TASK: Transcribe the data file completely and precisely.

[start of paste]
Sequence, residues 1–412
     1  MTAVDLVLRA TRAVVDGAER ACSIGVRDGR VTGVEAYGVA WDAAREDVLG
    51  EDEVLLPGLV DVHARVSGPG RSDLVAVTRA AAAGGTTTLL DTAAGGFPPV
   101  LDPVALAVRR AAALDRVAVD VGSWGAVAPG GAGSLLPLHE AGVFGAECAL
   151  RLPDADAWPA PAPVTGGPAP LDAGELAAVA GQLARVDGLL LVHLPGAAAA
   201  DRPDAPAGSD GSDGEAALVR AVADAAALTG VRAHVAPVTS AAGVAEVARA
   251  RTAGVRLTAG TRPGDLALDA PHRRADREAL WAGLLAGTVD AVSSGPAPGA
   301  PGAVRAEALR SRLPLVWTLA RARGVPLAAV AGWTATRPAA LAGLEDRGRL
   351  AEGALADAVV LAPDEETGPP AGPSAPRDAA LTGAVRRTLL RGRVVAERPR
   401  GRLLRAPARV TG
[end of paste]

Sequence, residues 1–412
     1  MTAVDLVLRA TRAVVDGAER ACSIGVRDGR VTGVEAYGVA WDAAREDVLG
    51  EDEVLLPGLV DVHARVSGPG RSDLVAVTRA AAAGGTTTLL DTAAGGFPPV
   101  LDPVALAVRR AAALDRVAVD VGSWGAVAPG GAGSLLPLHE AGVFGAECAL
   151  RLPDADAWPA PAPVTGGPAP LDAGELAAVA GQLARVDGLL LVHLPGAAAA
   201  DRPDAPAGSD GSDGEAALVR AVADAAALTG VRAHVAPVTS AAGVAEVARA
   251  RTAGVRLTAG TRPGDLALDA PHRRADREAL WAGLLAGTVD AVSSGPAPGA
   301  PGAVRAEALR SRLPLVWTLA RARGVPLAAV AGWTATRPAA LAGLEDRGRL
   351  AEGALADAVV LAPDEETGPP AGPSAPRDAA LTGAVRRTLL RGRVVAERPR
   401  GRLLRAPARV TG